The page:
“When people hear ‘research lab’, they think of one person hunched over a table, but it’s so much more than that,” says Rena Lapidus, PhD, associate professor at UMSOM. “Many people play a part in research, it’s a team sport.”

Lapidus has been a mentor at NSIP for the last nine years and she has seen, firsthand, the impact this sense of collaboration and community can have on students interested in pursuing a career in health sciences.

“This really opens their eyes to what they could be doing and other fields they have yet to explore,” says Lapidus. “One of [the scholars] said to me that when she walked into the program she was thinking of being an MD. Now she’s changed her mind and wants to do research.”

Daphine Kwesiga, a UM Scholar and second-year medical student at UMSOM, had an eye-opening experience during her summer research at UMCP. Kwesiga grew up in Uganda where she studied different cancer treatments at the Uganda Cancer Institute. Keeping in the vein of cancer treatment she decided to delve deeper into her medical interests this summer by conducting research on the creation and delivery of prescription drugs to treat ovarian cancer.

Kwesiga tested combinations of chemotherapy with medications to see which one would expose patients to the least amount of toxicity while still responding positively to the cancer treatment. Through her research, Kwesiga realized that treating patients is only one piece of the puzzle. She was amazed at how much time and collaboration it takes to put new prescription drugs on the market, emphasizing how important the sharing of medical research is to her career aspirations and the future of medicine.

“There’s no path ahead for medicine without research,” Kwesiga says. “It’s great that we help patients day-to-day in the clinics, but without research we can’t take medicine to the next level.”

Meanwhile, fellow UM Scholar and second-year medical student Netsanet Woldegerima used her summer of research to explore the engineering and coding aspects of medical equipment and software that she affectionately refers to as “the backyard” of medicine. Woldegerima wants to pursue a hands-on specialty like surgery and says UM Scholars allowed her to collaborate with highly skilled researchers at UMCP and gain potentially life-saving skills she never would have learned in her current area of study.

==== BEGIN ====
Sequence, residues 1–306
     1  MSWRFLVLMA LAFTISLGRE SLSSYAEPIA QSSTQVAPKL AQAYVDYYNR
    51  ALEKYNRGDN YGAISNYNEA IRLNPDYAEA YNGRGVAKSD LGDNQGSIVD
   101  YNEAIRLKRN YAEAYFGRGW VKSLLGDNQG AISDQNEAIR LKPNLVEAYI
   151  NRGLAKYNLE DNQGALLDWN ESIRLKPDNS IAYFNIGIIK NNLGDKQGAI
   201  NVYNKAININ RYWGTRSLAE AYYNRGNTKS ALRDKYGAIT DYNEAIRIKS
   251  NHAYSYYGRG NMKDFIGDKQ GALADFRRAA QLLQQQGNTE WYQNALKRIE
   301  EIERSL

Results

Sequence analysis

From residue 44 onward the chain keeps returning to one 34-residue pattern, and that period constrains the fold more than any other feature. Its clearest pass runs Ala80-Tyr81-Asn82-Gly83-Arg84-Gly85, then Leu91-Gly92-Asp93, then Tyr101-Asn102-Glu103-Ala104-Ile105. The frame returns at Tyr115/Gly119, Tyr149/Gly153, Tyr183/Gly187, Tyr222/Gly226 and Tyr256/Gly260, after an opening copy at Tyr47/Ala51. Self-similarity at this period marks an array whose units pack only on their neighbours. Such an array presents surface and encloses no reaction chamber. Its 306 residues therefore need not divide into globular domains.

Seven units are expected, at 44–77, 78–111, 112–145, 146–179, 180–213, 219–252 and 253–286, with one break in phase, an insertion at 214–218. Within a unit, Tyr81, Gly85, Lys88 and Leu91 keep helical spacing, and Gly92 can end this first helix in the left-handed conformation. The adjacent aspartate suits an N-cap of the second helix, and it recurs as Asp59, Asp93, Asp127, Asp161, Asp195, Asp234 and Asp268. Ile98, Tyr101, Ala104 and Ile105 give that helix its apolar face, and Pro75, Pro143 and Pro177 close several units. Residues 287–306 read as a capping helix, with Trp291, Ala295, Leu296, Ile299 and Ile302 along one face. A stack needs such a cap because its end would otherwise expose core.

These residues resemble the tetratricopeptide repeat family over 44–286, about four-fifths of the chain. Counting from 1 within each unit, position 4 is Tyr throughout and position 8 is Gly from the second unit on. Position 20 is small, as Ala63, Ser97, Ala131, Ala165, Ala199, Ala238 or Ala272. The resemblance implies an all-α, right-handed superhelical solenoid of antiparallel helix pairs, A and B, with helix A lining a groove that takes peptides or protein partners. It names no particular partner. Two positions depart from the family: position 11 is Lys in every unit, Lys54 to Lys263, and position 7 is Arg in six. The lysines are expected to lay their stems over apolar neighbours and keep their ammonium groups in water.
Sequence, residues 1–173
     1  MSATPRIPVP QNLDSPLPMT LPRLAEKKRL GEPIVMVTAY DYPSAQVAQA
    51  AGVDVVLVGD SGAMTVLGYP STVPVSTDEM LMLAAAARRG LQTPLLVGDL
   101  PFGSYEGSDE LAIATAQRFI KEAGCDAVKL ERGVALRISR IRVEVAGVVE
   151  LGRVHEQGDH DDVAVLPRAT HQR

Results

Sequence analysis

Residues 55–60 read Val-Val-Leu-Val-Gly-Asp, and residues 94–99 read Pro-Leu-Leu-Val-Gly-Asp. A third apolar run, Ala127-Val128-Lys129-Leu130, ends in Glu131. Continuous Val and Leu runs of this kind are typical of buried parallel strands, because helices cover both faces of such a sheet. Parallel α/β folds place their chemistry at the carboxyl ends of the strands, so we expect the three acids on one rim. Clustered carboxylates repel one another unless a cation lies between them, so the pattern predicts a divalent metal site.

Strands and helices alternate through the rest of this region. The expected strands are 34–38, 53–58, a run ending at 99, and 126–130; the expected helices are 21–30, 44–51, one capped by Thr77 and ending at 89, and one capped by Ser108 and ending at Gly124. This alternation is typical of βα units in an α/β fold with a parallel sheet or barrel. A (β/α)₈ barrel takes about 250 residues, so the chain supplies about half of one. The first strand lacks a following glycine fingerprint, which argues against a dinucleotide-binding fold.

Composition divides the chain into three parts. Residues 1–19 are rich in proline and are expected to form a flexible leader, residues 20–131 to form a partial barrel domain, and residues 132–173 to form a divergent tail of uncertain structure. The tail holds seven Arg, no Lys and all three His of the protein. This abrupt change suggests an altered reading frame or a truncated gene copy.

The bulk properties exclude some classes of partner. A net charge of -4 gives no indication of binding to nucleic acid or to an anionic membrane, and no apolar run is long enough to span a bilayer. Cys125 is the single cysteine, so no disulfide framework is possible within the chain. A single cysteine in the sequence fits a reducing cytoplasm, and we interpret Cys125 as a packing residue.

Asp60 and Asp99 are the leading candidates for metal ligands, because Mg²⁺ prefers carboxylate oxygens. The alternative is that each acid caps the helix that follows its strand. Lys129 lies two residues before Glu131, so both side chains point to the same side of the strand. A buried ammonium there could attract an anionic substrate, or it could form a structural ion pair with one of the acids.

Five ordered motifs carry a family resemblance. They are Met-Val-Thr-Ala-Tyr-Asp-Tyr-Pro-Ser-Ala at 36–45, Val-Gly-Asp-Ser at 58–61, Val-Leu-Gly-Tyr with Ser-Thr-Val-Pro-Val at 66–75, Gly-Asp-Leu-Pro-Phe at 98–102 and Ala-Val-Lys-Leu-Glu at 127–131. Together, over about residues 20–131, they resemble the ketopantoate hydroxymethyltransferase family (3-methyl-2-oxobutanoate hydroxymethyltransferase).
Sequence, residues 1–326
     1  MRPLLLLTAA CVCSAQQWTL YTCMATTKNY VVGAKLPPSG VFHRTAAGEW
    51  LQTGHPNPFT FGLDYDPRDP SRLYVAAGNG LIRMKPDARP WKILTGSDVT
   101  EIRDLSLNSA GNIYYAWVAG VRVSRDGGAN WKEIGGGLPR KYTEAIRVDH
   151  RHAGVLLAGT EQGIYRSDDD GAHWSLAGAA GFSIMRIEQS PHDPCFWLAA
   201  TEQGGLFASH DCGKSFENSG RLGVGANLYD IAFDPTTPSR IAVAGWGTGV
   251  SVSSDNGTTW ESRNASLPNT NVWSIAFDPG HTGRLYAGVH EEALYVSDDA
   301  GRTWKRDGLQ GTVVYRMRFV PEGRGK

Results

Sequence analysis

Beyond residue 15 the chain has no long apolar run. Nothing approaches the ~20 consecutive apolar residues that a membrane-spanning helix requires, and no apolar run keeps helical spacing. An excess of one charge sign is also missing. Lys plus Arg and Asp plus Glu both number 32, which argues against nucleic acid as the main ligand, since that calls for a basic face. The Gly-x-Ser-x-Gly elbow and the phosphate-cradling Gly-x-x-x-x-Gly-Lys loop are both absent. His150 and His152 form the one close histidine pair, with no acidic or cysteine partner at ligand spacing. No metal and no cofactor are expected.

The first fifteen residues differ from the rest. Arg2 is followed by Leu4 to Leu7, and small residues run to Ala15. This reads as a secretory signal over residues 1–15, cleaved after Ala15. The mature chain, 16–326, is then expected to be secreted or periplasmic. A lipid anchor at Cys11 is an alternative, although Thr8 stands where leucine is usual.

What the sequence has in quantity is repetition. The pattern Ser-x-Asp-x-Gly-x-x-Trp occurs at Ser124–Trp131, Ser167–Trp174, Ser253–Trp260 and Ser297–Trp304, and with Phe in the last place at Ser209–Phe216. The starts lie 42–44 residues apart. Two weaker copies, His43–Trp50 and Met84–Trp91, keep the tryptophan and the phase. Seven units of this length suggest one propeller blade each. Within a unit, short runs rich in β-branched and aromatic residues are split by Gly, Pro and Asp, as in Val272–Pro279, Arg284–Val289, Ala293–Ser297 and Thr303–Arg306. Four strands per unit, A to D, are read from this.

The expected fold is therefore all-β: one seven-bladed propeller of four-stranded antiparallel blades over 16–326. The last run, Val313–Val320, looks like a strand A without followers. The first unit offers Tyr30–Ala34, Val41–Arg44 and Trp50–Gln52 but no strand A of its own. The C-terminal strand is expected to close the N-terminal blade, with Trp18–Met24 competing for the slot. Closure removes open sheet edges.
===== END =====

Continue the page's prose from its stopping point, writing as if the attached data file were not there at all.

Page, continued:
“Now that I know how to use the different programs and software that we use to run simulations, I will be better able to trouble-shoot problems that I may encounter with robotic surgery or anything that involves simulations,” she explains. “I think that will help me in the long run, especially since medical school curriculum doesn’t have anything to do with programming or how to script.”

UM Scholars is a project under the umbrella of the University of Maryland Strategic Partnership: MPowering the State (MPower). Now in its seventh year, MPower’s goal is to leverage the strengths and missions of the two universities to strengthen Maryland’s innovation economy, advance interdisciplinary research, create opportunities for students, and solve important problems for the people of Maryland and the nation.

Adrianne Arthur, CPSM, director of operations and communications for MPower, explains that the program helps students find connections between specialties and professions which in turn opens the door to new opportunities that will help shape their career paths.

“UM Scholars is about pushing the boundaries and testing the interests [the students] have,” says Arthur. “When a student sees the value in the opposite of what they were initially thinking, then that too is a success.”